Boker /Pohl Kalashnikov 74 Automatic
I have always like Boker knives. They have traditionally been made in Germany with impeccable quality. Like many, manufacturers, Boker has added products that were outsourced to lower cost Asian production facilities.
This knife, model KALS74 (Kalashnikov 74), manufactured in Taiwan, comes boxed in a novel package made to look like a ammo clip.
Inside, you will find a nice looking finger groove automatic knife with a pocket clip.
The knife is 4 1/4 inches long, 1 3/8 inches wide and 5/8 inch thick ( 13/16" including pocket clip) closed. It has a 3 1/4" x 1" blade of AUS8 stainless steel, flat ground, with smooth gray bead blasted finish. The blade was extremely sharp right out of the box.
As noted on the blade, this is a design by Dietmar Pohl of Germany. Mr. Pohl is quite knowledgeable about knives and is a respected author on the subject. I have had the pleasure of working with Dietmar on a knife article that was plublished in the German publication "Messer Magazin" and I had the pleasure of meeting him at the 2008 Blade Show.
The release button is recessed but not quite flush with the handle. With the blade closed, the button extends about 3/32" inch beyond the handle and about 1/16" with the blade open. I thought the "Kalashnikov" branding on the pivot screw was a nice touch.
The fist time I saw this knife I passed on it because it did not have a safety. I am very leery of carrying an auto without a safety as I have had them open in my pocket when bending over or pressing something against my leg. The grooves for a safety switch had been cut into the inside of the handles but the switch was not present. Later, I found the knife at a gun and knife show and I was pleased to see that the safety switch had been added so I bought one.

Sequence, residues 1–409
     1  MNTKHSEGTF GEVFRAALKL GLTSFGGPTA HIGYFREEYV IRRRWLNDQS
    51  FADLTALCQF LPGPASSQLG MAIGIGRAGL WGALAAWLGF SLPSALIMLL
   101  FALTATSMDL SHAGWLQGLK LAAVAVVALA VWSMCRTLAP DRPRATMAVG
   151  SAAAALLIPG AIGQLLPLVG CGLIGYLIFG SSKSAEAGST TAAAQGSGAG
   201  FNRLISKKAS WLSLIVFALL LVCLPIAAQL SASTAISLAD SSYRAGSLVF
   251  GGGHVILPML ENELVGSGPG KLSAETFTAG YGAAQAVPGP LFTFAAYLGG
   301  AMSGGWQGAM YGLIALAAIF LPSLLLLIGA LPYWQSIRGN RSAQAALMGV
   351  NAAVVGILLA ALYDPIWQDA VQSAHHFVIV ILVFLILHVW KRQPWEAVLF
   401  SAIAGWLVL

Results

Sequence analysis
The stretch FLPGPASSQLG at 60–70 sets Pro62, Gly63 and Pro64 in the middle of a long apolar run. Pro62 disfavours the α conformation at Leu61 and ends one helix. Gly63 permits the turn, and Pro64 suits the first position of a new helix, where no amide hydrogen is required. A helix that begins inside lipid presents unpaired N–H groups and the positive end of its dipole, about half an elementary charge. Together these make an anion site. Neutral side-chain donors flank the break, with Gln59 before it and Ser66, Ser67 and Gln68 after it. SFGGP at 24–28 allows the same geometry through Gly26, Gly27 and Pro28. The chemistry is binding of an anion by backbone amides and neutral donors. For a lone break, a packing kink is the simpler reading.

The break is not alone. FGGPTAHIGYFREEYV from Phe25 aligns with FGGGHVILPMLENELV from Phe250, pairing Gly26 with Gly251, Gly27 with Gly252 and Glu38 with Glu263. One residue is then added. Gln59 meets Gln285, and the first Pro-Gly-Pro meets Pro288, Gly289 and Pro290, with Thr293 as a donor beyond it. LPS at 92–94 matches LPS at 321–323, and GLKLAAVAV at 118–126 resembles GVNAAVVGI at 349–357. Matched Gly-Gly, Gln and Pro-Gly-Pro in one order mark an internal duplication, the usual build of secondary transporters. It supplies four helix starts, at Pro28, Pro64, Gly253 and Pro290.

My enthusiasm for the safety switch soon faded however when I began using the knife. The switch slide is anything but smooth and it is very difficult to operate with the thumb and virtually impossible with your forefinger as would be necessary in the opening position. I am sure that is is something of a challenge to design a safety that is strong enough to prevent accidental disengaement but still easy to disengage when needed. This one however just seems to be poor fit and operation. It does click solidly into both positions but does not do so easily.
The handle is aluminum although the texture and feel fooled me into thinking it was plastic at first. It is very rigid and sturdy. I was not able to flex it all at the blade slot. The fit and finish is very good with just the slightest bit of slop in the blade fit. The action is smooth and crisp with a solid lock up. The blade snaps open with authority and a distinctive "snap" that might not be desirable if wanted to open the knife discretely.
It has a nice feel in the hand. Finger grooves are always a risk as there are all size hands out there but this one fit's my medium size hands perfectly. The textured handles with raised ridges provide a good non-slip grip. At only 3.5 ounces, the knife is light weight but it's 4 1/4" x 1 1/2" size is on the upper limit of what I like to carry in my pocket. The pocket clip is quite sturdy but I think it is longer than it needs to be. I would prefer a shorter, less obvious clip.
I haven't had the knife long but from the light to medium use I have given it so far the blade is still as sharp and pristeen as when I took it out of the box. I like the overall size and design.
All things considered, I think this is a good knife at it's under $50 price point. Not great, but good. I seldom buy Taiwan manufactured knives these days but the Boker and Pohl names sold me on this one along with the AUS8 blade steel. A better safety, less obvious pocket clip, and perhaps something to quiet the opening snap a bit would make this one a winner in my opinion. Making it just a bit smaller might be even better.